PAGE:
Meanwhile, rather than providing consumer financing support for affordable, mainstream manufactured homes as directed by Congress, Fannie and Freddie are instead trying to divert DTS support to significantly more costly MH Advantage, ChoiceHome and so-called “Cross-Mod” homes, produced almost exclusively by the industry’s largest corporate conglomerates. Of course, in the real world, these MH Advantage, ChoiceHome and Cross-Mod offerings have generated virtually no originations at all (much the same as their early 2000s predecessor, the “MH Select” program). But what if they did? Those originations would not, by definition, increase the level of secondary market support or securitization for affordable, mainstream manufactured homes – which was and is the entire point of DTS. Consequently, as MHARR has also stressed, these programs are not so much an “effort” to implement DTS for the mainstream manufactured housing market, as they are an effort to sidestep DTS by fundamentally altering and distorting that market to fit the preexisting prejudices and biases of Fannie and Freddie.

Freddie Mac’s April 15, 2021 analysis, then, purports to diagnose a problem that Freddie and Fannie havethemselves helped to create – and perpetuate — through, among other things, their continuing failure to serve the affordable mainstream manufactured housing consumer financing market as mandated by DTS. Instead, then, of claiming to “discover” a condition (i.e., the long-term shortage of affordable “starter” housing) that is and should beobvious to anyone with a pulse, Freddie and Fannie should instead be “discovering” ways to solve that problem through the full, market-significant implementation of DTS – including manufactured housing personal property loans.

That being said, and in fairness to Fannie and Freddie, there are other contributing causes to the long-term decline in manufactured housing availability, including the Government National Mortgage Association’s (GNMA) noxious “10-10” rule, which has decimated the previously thriving Federal Housing Administration (FHA) Title I manufactured housing program, and exclusionary/discriminatory zoning, which has kept affordable, mainstream manufactured housing out of far too many communities across the United States, to the detriment of the very populations that the creators and enforcers of those provisions are sworn to represent and protect.  But neither Fannie nor Freddie is in charge of – or responsible for – FHA/GNMA policy or discriminatory/exclusionary zoning. They are, however, responsible for their own implementation of DTS and whether or not mainstream, affordable manufactured housing consumers can get access to necessary consumer financing on the same, equitable basis as other homebuyers. And it is their failure to implement DTS for affordable, mainstream manufactured housing – over more than a decade – that, in substantial part, has allowed the destructive shortage of affordable, “entry-level” single-family starter housing to grow and fester.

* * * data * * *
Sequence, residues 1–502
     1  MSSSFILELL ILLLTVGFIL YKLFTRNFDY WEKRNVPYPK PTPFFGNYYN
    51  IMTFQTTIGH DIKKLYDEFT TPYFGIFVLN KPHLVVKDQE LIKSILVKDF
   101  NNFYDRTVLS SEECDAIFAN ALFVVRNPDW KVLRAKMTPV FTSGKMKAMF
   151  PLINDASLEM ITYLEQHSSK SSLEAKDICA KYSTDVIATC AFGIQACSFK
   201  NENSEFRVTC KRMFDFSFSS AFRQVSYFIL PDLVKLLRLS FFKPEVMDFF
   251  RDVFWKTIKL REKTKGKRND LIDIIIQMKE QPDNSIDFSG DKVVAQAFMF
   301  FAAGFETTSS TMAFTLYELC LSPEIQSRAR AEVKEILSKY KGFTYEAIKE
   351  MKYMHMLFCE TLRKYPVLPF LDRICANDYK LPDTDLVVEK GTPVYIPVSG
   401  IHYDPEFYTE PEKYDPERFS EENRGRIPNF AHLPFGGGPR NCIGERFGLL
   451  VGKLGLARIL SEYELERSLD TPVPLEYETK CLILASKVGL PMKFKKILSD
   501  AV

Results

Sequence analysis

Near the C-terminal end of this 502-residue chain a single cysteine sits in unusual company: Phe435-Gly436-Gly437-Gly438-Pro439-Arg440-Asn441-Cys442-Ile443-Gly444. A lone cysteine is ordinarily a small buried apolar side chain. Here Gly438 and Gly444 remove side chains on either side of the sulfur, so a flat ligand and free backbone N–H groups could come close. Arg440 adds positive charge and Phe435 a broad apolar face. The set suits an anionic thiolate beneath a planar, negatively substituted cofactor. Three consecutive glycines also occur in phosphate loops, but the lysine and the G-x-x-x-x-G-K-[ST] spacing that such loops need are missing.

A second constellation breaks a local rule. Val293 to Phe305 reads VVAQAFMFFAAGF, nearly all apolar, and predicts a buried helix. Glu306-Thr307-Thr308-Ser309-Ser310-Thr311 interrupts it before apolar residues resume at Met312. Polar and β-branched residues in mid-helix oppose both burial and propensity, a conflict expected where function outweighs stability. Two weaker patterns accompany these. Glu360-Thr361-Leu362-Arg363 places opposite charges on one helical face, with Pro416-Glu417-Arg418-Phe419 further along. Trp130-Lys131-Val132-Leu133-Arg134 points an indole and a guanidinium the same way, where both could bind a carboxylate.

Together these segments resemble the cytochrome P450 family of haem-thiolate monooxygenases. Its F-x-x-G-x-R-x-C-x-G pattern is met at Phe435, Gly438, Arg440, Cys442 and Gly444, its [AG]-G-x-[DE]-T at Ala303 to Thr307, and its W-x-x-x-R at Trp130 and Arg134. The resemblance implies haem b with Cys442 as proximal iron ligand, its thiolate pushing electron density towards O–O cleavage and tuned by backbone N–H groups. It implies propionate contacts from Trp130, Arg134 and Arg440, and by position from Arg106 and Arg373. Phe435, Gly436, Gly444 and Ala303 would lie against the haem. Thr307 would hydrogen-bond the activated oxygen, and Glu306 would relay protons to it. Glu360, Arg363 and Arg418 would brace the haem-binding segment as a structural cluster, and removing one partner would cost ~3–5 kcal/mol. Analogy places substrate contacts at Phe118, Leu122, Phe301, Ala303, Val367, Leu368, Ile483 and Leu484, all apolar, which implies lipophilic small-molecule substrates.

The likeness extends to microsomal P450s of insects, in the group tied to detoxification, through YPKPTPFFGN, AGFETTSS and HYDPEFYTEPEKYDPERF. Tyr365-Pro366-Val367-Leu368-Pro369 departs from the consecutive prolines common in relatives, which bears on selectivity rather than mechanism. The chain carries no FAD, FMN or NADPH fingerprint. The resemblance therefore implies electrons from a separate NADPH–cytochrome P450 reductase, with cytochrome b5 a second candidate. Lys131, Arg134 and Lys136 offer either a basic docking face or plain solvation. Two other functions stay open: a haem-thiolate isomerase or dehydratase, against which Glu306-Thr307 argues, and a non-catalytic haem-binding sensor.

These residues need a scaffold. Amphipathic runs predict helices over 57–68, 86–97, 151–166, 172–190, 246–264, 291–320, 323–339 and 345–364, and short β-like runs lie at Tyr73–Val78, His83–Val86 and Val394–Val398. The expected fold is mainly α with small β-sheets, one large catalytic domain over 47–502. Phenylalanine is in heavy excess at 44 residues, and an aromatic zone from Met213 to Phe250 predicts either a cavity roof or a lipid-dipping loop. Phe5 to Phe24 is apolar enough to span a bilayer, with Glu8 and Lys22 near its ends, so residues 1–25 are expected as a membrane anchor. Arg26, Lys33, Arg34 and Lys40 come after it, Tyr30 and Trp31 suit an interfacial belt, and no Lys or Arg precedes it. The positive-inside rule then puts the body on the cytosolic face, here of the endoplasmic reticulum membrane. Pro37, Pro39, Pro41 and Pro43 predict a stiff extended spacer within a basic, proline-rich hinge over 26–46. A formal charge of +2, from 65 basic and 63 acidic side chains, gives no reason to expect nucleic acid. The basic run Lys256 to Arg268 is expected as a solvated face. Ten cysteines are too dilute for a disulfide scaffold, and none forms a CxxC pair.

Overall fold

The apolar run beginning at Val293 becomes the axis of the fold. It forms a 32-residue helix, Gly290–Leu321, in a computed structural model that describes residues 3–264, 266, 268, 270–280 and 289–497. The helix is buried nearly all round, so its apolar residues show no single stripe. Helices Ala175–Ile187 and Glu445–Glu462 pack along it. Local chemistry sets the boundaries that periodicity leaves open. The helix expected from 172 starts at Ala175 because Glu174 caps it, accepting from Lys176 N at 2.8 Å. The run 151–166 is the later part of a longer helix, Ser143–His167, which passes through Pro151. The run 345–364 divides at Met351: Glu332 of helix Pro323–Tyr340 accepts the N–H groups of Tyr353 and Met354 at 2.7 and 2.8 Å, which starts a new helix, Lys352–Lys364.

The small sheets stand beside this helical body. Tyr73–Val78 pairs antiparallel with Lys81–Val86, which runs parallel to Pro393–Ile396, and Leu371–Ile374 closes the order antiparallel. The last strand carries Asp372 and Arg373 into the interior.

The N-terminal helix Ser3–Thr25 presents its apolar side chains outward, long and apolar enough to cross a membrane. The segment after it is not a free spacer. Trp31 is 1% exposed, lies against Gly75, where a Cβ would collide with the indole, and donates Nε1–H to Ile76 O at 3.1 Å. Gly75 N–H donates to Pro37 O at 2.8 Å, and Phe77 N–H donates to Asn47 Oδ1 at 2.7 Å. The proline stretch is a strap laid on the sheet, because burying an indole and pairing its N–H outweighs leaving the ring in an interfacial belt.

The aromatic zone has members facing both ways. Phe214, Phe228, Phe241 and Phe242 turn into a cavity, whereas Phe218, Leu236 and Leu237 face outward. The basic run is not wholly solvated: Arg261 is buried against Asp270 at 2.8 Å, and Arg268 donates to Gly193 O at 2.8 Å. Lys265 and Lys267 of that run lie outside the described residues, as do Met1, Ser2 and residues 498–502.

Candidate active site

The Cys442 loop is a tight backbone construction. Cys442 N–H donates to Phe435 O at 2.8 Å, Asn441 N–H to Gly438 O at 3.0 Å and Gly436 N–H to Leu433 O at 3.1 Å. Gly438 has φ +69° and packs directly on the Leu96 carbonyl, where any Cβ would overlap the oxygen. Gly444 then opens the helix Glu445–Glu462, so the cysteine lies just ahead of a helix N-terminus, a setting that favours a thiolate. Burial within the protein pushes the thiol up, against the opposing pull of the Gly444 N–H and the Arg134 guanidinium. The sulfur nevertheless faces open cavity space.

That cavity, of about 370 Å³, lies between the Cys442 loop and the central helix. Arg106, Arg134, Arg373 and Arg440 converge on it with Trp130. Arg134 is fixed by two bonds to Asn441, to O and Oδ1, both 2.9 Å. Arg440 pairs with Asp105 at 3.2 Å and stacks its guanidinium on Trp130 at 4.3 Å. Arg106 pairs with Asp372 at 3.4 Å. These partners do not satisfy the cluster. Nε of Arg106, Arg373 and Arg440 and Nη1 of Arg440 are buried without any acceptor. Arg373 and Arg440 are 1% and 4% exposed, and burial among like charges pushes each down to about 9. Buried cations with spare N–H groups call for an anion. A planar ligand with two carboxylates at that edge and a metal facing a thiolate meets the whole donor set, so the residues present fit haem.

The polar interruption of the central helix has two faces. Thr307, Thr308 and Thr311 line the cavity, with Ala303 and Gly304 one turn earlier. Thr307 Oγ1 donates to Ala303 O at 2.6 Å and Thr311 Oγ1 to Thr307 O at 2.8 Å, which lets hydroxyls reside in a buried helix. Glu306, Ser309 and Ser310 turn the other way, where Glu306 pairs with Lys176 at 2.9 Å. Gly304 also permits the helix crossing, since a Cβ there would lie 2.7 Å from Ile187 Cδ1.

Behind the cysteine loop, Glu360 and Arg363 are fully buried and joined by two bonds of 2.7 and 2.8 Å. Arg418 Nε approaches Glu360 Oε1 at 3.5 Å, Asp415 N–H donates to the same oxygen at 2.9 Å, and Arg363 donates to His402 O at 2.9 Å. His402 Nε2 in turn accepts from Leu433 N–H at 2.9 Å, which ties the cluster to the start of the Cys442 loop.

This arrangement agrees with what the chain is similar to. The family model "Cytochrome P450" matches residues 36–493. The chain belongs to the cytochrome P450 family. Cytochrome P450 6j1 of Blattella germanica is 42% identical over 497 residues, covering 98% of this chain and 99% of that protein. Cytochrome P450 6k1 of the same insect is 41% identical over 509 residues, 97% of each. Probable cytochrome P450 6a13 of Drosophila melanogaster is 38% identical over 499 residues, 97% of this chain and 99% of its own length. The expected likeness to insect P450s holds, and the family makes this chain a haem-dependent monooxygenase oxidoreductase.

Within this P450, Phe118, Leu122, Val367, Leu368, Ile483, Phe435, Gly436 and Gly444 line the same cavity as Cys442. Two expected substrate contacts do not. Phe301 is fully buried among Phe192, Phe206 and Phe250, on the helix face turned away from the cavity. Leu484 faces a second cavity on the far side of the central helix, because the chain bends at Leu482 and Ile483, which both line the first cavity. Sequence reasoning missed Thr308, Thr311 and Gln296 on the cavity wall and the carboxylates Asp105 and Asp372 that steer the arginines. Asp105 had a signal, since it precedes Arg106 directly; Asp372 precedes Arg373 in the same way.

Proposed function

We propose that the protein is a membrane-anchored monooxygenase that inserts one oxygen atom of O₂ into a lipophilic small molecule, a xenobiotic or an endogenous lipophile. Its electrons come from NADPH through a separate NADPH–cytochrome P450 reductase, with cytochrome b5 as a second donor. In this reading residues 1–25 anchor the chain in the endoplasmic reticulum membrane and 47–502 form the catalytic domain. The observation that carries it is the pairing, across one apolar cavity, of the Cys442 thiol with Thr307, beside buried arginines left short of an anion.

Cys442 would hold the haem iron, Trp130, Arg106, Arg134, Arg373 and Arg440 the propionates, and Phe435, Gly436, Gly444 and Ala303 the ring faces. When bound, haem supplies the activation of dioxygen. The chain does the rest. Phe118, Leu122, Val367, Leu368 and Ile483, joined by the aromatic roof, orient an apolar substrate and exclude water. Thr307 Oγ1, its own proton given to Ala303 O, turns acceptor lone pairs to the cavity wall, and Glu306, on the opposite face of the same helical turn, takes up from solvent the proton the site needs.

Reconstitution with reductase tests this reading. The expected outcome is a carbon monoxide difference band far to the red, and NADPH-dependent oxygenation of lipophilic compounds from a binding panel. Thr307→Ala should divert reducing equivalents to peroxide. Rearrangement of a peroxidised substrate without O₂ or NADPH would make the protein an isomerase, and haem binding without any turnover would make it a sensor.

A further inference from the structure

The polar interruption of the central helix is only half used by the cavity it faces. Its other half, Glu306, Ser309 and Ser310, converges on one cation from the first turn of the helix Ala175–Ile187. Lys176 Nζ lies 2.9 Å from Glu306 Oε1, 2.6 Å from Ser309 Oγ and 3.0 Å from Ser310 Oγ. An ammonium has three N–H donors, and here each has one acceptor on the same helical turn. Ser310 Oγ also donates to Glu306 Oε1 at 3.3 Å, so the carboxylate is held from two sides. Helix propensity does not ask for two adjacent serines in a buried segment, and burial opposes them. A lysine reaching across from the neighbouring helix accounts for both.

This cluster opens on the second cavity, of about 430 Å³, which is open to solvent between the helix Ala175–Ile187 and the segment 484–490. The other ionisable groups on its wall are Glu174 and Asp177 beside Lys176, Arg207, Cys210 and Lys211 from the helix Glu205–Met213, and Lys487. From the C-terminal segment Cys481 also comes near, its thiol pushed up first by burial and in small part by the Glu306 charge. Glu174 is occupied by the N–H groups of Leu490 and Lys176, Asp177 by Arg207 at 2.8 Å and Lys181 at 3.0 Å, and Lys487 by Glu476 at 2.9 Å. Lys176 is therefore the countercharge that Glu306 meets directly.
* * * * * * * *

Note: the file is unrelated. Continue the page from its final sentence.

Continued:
Instead of publicly strutting, then, over diagnosing a problem that: (1) has previously been diagnosed by Congress; and (2) should be obvious to anyone connected to the housing market, Freddie and Fannie should instead be working to address and remedy that problem. And that, in turn, means fully and effectively implementing the DTS mandate within the manufactured housing sector, in a market-significant manner. Rather than bemoaning the supply/demand gap in the market for affordable, entry-level, starter housing, Fannie and Freddie should be looking in the mirror, at their own failure to implement the remedy that Congress has already prescribed for this significant and growing problem.  Instead of more excuses, now is the time to fully implement DTS for the mainstream HUD Code manufactured housing market.

Mark Weiss

MHARR is a Washington, D.C.-based national trade association representing the views and interests of independent producers of federally-regulated manufactured housing.

“MHARR-Issues and Perspectives” is available for re-publication in full (i.e., without alteration or substantive modification) without further permission and with proper attribution to MHARR.